THE BLOG

One Hundred and Eighty Kilometres, Four Days, Pain!

17/03/2013 22:40 GMT | Updated 17/05/2013 10:12 BST

"We will push our bodies to the limits to stop eating disorder sufferers doing the same."

As female university rowers the women of Corpus Christi College Boat Club, Oxford, inevitably have muscular thighs and regularly turn up to lectures with no make-up and sweaty hair following early morning training sessions. And yet we love our bodies because they are the very things which allow us to be successful in our sport! Our goal is to show those who suffer from eating disorders and low self-esteem that it is possible for them to feel the same way about theirs.

We are preparing to become the first all-female crew to row the 180kilometres from Oxford to London for charity. This will take place over three full days between 23 and 26 June (made up of a half day followed by two full days and another half day to allow us to make the most of the launch and welcome parties), and will result in catastrophic muscle ache, innumerable hand blisters and, to put it bluntly, numb bums!

But why put ourselves through that? What has motivated us to stand up for this cause? At 5ft 2in, I shatter the rowing stereotype and am confined to the 'little person' seat at bow - the back of the boat, although looking at me the obvious assumption would be that I am the cox (for non-rowers, this is the loud-mouthed midget that sits at the front of the boat and dictates instructions which the rest of the crew must follow or face being thrown into the ice-cold river at 6am). I have a continuous fight to 'keep up with the big people' to retain my place in the college boat, and thrive on gruelling training sessions requiring immense physical and mental strength. But I wasn't always this motivated by fitness alone.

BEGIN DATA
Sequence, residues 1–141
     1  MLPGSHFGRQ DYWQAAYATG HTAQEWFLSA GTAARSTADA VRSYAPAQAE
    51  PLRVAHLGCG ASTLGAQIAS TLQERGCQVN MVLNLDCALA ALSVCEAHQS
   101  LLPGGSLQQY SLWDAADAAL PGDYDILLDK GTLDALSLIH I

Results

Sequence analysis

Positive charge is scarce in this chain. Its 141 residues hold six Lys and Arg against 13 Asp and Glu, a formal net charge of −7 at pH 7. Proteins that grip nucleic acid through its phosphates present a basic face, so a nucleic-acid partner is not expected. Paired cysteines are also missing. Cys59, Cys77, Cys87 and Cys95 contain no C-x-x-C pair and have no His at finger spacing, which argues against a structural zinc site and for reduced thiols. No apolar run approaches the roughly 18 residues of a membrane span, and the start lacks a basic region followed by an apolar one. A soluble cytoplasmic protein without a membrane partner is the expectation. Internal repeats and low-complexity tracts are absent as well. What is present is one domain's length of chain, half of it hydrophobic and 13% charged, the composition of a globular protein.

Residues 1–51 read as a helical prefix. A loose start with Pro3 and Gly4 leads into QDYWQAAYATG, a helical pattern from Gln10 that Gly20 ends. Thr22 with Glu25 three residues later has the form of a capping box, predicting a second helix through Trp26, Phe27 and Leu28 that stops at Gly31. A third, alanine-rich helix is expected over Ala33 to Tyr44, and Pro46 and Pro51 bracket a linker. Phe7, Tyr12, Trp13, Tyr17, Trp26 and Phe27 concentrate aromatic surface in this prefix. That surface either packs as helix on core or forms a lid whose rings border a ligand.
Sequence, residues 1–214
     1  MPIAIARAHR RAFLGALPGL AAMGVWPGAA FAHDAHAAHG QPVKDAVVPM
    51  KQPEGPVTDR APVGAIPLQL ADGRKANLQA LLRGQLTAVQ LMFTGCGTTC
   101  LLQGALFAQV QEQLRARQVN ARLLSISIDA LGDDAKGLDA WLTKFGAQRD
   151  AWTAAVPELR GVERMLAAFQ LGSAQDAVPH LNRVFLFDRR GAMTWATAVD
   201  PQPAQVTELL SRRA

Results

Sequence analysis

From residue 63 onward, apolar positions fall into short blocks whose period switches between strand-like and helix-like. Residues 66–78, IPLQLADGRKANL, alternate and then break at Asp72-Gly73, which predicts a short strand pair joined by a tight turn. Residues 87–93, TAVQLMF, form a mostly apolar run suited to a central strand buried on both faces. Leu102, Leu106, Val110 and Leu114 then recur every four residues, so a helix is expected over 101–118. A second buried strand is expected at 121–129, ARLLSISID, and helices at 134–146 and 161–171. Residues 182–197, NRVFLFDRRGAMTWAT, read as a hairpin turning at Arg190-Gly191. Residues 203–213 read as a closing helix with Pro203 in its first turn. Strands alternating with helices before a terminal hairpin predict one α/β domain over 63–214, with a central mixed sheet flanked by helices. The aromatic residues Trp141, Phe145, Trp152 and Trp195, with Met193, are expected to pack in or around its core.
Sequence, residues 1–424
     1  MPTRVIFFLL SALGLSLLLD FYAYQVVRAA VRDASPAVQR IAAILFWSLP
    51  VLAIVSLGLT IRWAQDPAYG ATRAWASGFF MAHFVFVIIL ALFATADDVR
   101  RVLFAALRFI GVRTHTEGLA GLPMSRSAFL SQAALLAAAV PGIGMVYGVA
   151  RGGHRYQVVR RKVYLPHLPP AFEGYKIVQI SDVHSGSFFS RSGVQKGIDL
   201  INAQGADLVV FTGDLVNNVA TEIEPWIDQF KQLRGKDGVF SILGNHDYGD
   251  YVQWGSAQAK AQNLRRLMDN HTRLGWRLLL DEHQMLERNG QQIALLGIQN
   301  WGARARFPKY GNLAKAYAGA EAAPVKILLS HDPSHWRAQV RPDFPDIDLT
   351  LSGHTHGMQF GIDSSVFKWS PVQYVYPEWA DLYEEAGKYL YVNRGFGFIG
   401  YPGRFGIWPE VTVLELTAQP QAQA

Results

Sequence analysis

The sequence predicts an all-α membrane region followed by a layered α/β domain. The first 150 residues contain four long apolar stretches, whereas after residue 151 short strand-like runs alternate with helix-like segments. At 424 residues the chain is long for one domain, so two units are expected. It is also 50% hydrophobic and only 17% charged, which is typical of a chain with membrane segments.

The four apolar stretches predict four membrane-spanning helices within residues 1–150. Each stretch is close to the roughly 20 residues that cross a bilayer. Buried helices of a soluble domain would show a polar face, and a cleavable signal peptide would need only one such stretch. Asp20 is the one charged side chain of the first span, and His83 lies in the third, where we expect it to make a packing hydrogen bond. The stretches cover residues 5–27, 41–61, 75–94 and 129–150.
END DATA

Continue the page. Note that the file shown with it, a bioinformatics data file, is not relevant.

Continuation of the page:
As a teenager with a diagnosis of severe anorexia, exercise to me was purely a joyless means of burning calories which I hadn't taken on in the first place. At age 15 I spent nine months as a hospital inpatient, but four years later I am now fully recovered and volunteer as a Young Ambassador for the eating disorder charity 'beat', who we will be fundraising for through our expedition! Beat is a charity which works to raise awareness of eating disorders and provide support and advice for sufferers and their family and friends.

The camaraderie and need for physical strength provided by rowing has allowed me to regain my love of exercise simply for the endorphins, and not for the weight control! My personal mission, therefore, is to teach eating disorder suffers to view exercise not as a way to get the body they want, but as a way of celebrating the amazing things their bodies are capable of!

Countless eating disorder sufferers have told me of their fear that they will never get rid of the anorexic voice in their head. I felt that way myself! But I am proud to say that through my training I have reached a stage where calories are no longer my enemy, but my friend! Food is no longer a forbidden weakness, but is the very thing which fuels my journey towards a goal, and allows me to succeed!

If you want to find out more about our challenge, follow us on twitter, read our training blog, which is updated daily, or go to the beat website.

We are currently trying to publicise the event as widely as possible, with the view that if we are going to put ourselves through that much pain in the name of charity then we may as well to everything we possibly can to raise a significant amount of money and make it worth our while. We would love it if as many people as possible might be willing to sponsor us and/or spread the word about our challenge!

You can support us at:justgiving.com/londonrow

Thanks so much for reading!